Learning from the World’s Most Relaxed Moms

Learning from the World’s Most Relaxed Moms

Last week the Washington Post parenting section published an article “Are they the world’s most relaxed moms? What we can learn from the Dutch.” My Facebook feed and e-mail exploded with people asking if the article’s premise was true.

Yes. Dutch moms are incredibly relaxed.

Just like the author of this article, I’m living in the Netherlands with two toddlers. My mom friends are a mix of expats and English speaking Dutch women. In the few short months I’ve lived here though, I’ve been lulled into being a more relaxed parent.

Here are my observations:

  1. Playtime is plentiful. Homework is limited to encouraging some reading, leaving plenty of time for the older kids to just play. Many Dutch children come home for lunch and enjoy a half-day on Wednesdays and/or Fridays. Playgrounds are tucked everywhere and children are encouraged to play on the less busy streets.
  2. The gift of time.  Many of the moms work part-time taking at least one day per week off to be home with the kids. Many dads also work part-time. (You can read this article from the Economist on why so many Dutch people work part time. This article from the New York Times talks about the shorter, more flexible work schedules for men and women.) This gives moms (and dads) plenty of time to spend with their kids. I’m still amazed (but I shouldn’t be) at how many dads I see walking prams around the neighborhood or waiting to pick the kids up for lunch.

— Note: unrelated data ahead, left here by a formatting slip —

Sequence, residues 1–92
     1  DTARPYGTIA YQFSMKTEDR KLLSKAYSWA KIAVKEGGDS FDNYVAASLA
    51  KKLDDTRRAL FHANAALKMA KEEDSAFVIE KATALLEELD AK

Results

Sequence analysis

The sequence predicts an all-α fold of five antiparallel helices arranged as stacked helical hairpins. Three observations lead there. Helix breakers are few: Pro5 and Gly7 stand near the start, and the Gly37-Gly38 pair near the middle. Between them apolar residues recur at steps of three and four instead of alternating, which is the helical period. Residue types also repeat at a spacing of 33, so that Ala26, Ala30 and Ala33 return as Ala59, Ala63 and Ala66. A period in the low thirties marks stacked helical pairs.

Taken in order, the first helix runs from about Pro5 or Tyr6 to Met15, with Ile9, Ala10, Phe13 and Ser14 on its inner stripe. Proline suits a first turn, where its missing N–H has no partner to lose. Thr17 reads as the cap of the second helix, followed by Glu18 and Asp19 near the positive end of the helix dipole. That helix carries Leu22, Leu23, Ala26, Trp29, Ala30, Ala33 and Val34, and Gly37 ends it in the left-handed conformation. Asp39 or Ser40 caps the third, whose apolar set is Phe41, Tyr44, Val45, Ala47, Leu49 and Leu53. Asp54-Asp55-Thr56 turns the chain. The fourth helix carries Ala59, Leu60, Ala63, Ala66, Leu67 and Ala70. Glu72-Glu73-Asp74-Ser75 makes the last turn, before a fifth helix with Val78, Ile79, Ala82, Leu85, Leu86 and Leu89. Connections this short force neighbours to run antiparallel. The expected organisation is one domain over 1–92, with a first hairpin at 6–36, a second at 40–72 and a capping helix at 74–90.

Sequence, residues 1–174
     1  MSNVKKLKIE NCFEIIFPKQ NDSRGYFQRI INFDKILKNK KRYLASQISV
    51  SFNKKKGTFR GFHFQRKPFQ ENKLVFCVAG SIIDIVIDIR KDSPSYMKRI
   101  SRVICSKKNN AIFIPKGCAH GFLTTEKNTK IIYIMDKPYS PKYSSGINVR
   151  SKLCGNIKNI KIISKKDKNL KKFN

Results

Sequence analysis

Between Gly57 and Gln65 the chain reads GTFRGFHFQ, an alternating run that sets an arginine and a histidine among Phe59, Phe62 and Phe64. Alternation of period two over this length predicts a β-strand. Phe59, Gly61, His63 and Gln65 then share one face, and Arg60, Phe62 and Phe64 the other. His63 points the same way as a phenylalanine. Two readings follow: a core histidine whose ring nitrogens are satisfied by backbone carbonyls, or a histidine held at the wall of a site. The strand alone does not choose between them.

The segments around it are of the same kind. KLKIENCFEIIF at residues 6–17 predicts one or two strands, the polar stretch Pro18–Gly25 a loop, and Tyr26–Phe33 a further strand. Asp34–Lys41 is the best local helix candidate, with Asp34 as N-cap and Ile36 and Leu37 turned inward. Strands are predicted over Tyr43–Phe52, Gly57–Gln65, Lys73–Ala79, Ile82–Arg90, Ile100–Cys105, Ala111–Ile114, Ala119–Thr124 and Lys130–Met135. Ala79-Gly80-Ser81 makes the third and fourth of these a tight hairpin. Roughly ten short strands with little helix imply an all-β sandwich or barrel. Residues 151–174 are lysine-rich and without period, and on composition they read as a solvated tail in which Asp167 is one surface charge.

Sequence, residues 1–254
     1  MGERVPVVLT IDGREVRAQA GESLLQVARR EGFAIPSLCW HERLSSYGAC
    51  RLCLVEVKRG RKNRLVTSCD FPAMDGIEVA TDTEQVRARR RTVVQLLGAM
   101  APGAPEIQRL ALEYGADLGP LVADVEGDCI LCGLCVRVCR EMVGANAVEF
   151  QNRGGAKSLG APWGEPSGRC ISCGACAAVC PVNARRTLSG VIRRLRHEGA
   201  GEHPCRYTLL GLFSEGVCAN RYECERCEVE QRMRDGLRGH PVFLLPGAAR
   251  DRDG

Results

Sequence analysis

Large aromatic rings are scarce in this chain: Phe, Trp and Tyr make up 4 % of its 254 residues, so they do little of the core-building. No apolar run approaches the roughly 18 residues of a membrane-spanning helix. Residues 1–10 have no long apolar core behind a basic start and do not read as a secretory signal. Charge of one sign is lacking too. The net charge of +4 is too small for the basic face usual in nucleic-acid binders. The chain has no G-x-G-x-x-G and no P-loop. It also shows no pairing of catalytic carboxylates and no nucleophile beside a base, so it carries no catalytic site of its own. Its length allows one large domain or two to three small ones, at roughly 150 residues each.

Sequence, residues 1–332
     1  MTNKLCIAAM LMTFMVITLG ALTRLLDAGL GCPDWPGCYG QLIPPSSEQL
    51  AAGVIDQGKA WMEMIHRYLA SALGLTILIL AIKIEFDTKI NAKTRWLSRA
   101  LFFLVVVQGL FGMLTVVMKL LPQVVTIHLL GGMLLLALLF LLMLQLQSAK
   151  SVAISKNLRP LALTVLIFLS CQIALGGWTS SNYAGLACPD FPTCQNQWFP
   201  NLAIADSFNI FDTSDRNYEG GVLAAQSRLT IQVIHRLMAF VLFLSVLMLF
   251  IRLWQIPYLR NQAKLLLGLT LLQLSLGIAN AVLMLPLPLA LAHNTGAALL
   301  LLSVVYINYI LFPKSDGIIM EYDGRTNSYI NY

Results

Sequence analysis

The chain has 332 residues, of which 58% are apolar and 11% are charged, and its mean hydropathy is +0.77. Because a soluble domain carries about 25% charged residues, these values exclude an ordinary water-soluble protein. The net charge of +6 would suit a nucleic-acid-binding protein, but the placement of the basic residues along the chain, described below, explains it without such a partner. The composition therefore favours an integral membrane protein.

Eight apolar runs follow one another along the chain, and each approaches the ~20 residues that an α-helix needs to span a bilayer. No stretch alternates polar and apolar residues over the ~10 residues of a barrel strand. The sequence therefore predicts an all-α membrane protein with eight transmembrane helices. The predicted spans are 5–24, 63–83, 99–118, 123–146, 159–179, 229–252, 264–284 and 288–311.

3. Kids can be kids.  The Dutch truly let their children play, interact and resolve conflict on their own. Most of my “play dates” occur at playgrounds with cafes. The kids play happily on the playground with limited parental interaction. The moms enjoy their coffee while the kids play. Sure, if someone falls or if the parents see someone doing something really dangerous the parents hop up to intervene. In general though the kids are allowed to run, climb, fall and get up all without parental intervention. A Dutch child having a tantrum is largely ignored, as it is not a reflection of poor parenting, but of the child being a child. 
  4. Daily exercise. Most Dutch moms are on their bike every day. We all know exercise helps you stay relaxed, but it also provides some great bonding time with the kids. Dutch moms  point out the world to their children while it goes by on the bike. This time on the bike is an amazing bonding time.  Every bike ride is filled with animals, shops, different vehicles and fresh air for us all to enjoy.  When the kids want to see what a swan is going to do, we stop and watch it. I cannot turn up the radio or drown the kids out, we are all on this bike watching the world together. When Dutch moms are not biking around they are pushing the little ones around in the pram, going for a run or finding other outdoor adventures. Even in the rain they just wrap the littles up or pop a rain cover on and continue on their way.